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Former presidential hopefuls urge Halimah to unite Singaporeans

Former presidential hopefuls urge Halimah to unite Singaporeans
Mr Farid Khan (left) and Mr Salleh Marican. TODAY file photo

Former presidential hopefuls urge Halimah to unite Singaporeans

PM thanks both men for conducting themselves with ‘propriety and decorum’

SINGAPORE — Former Presidential hopefuls Mr Mohamed Salleh Marican and Mr Farid Khan Kaim Khan have urged President-elect Halimah Yacob to unite Singaporeans and help soothe some of the unhappiness that has emerged in the run-up to this year’s reserved election.

In a statement to TODAY, Mr Marican, the 67-year-old chief executive of Second Chance Properties, said: “This has been a divisive run-up to the nomination for the President. I hope Mdm Halimah will heal the wounds.”

Given her experience and background, Mr Marican believed she “will be the unifying President”.

Chairman of marine services provider Bourbon Offshore Asia Pacific, Mr Farid, 62, said he hoped Mdm Halimah would “have the people of Singapore in her thoughts when making any decisions that will affect our lives and the lives of our children”.

Although he felt he had the ability to bring Singaporeans together, he wished Mdm Halimah the best and said: “I believe that the President must be a unifying force for all races and people of all backgrounds.”

On Wednesday, Mdm Halimah was declared the country’s eighth President, becoming the first woman and the first Malay in 47 years to assume the position.

The election turned out to be a walkover after the Elections Department declared Mdm Halimah the sole qualifying candidate. 

Both Mr Farid and Mr Marican were not certified eligible as neither met the qualifying criterion of running a company with S$500 million shareholders’ equity, on average, in the most recent three years.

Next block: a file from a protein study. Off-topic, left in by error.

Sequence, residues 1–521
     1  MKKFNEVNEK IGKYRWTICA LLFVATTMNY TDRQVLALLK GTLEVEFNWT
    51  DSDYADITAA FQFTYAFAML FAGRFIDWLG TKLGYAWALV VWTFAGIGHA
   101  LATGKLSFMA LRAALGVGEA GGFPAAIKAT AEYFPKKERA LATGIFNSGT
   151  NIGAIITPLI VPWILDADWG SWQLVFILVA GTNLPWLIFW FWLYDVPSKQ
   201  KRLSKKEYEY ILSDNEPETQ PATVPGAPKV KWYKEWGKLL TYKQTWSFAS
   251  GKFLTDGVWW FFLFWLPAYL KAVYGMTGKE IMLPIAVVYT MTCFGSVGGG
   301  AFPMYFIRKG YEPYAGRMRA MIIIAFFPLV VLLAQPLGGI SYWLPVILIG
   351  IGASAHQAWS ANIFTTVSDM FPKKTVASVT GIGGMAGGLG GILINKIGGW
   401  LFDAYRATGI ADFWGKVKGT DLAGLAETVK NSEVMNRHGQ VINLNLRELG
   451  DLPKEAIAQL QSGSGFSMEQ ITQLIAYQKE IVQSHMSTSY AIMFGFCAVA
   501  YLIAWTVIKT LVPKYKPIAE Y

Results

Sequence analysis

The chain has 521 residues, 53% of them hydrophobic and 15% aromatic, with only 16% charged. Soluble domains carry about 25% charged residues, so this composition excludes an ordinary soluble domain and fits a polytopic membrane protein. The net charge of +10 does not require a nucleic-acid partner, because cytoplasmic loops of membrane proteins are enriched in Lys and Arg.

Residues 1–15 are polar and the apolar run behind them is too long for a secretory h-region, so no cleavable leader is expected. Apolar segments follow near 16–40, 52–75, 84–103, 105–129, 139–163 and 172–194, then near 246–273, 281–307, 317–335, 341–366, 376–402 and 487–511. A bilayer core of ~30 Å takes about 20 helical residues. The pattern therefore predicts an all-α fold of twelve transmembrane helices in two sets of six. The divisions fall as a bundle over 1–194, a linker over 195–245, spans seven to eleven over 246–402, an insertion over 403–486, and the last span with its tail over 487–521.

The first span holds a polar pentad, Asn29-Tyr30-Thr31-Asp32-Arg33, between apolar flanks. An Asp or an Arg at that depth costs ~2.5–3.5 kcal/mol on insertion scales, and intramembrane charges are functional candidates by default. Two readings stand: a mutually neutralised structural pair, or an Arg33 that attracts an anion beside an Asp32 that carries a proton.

Many Singaporeans and several Opposition figures have expressed unhappiness online over the decision and the reserved election in general. 

In a statement, Mr Farid said that while he was looking forward to a contest, he accepted “with a heavy heart and great disappointment” the Presidential Elections Committee’s decision.

The qualifying criteria was “stringent” but he felt that he had made “the mark based on the financial standing of my regional companies”.

Stepping forward was an “obligation” and “for the sake of the Malay community”, Mr Farid said. It was to show Singaporeans that there are qualified Malay candidates who are willing to run for the Presidency to serve the country. 

Although unable to contest, Mr Farid said that he “still (felt) victorious” as he had gained Singaporeans’ support and love. 

“I saw it as my duty to serve the country if elected as the President of Singapore and I would have worked with the Government,” he said. 

“I believe a strong, independent, neutral and capable President is what we need during good and bad times especially in safeguarding the reserves and appointing top civil servants.”

He said he would continue to do his part in serving the country. Prime Minister Lee Hsien Loong thanked both men for offering themselves as candidates and conducting themselves with “propriety and decorum”.

Mr Lee wrote in a Facebook post: “It can’t have been an easy decision for them and their families, knowing the media attention and public scrutiny this would attract.

“They respected the Constitution and conducted themselves with propriety and decorum. They did not confuse people with wild promises that exceeded the remit of the President, which had happened before. I thank them also for accepting the Presidential Elections Committee’s decisions. This is the way to make our democratic processes work properly and in the interest of Singaporeans.”